Ontario could allow defined contribution plan participants to take withdrawals of variable amounts directly from their plans after they retire, according to the province's proposed 2017 budget introduced Thursday.
Currently DC participants at retirement must convert their DC assets to annuities or move them to registered retirement funds that require steady but inflexible withdrawal amounts based on a retiree's age, with the amounts increasing as they get older. Critics have argued that the present withdrawal limits keep some retirees from accessing more of their plan assets for emergencies and other needs. Other provinces allow for more flexible withdrawals.
The Ontario government plans to develop regulations later this spring to allow for variable withdrawals to be made directly from DC plans, the finance ministry said in a budget summary on its website.
The Association of Canadian Pension Management, a national organization of pension and retirement plan sponsors and service providers, recommended more flexible withdrawal options be incorporated into DC plans. The recommendation was among those in an ACPM report, “Decumulation, the Next Critical Frontier: Improvements for Defined Contribution and Capital Accumulation Plans,” released March 27.
Also in the budget was a pledge by the Ontario finance ministry to issue a framework to change solvency funding requirements for pension plans later this spring, with draft regulations to be released in the fall.
Currently, Ontario public and corporate defined benefit plans must calculate funding based on both solvency rules, which assume the plan would be wound down within a year, and on a going-concern basis, which assumes the plan will continue to operate indefinitely. The ministry in August requested comment from DB plan sponsors on whether to tweak or eliminate solvency rules and to make adjustments to going-concern funding rules. Those comments were due Sept. 30.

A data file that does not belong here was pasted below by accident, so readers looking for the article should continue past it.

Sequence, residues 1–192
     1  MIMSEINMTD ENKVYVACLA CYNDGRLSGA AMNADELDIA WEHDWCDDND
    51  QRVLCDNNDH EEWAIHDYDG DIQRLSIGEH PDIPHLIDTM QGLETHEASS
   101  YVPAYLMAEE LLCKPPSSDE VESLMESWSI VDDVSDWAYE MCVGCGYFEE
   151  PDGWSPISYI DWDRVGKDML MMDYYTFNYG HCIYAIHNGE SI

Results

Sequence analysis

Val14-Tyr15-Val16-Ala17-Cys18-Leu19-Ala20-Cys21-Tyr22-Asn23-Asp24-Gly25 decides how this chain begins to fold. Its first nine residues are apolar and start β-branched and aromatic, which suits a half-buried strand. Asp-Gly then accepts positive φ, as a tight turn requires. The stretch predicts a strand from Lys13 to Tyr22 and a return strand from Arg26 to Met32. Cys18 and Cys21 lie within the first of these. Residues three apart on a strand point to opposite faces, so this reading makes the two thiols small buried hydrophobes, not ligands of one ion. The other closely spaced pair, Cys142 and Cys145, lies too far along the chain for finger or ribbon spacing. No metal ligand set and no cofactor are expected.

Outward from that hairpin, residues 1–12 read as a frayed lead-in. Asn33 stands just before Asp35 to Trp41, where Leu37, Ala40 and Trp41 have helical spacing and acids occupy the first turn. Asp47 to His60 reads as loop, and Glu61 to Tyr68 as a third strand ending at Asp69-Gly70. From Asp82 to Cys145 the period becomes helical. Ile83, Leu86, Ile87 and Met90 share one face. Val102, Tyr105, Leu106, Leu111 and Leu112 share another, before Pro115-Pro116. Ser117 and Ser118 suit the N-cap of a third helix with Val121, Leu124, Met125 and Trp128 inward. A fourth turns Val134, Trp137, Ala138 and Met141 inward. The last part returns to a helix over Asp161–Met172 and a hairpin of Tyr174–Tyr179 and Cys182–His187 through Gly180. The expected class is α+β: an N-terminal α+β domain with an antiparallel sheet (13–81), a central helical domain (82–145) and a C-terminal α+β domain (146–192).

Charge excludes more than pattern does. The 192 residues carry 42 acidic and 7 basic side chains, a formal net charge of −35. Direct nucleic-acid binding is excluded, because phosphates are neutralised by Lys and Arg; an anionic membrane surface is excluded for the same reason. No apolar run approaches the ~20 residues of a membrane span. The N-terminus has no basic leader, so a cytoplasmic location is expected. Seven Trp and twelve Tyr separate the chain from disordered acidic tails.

Among other provinces, Quebec in 2016 eliminated solvency valuation entirely for corporate DB plans and enhanced its going-concern valuation rules to increase pension fund contributions; public plans in Quebec were exempt from solvency valuation. Saskatchewan is considering legislation that would eliminate solvency valuation for the six multiemployer plans based in the province, and Alberta and British Columbia changed their solvency valuation rules to allow plan sponsors to hold surplus solvency assets in a reserve fund that they can access.
Pension regulations in Canada vary by provinces except for plans of employers who are regulated by the Canadian government, such as banks and telecommunications firms; those plans are regulated by the federal government.
The Ontario budget goes to the provincial parliament for approval.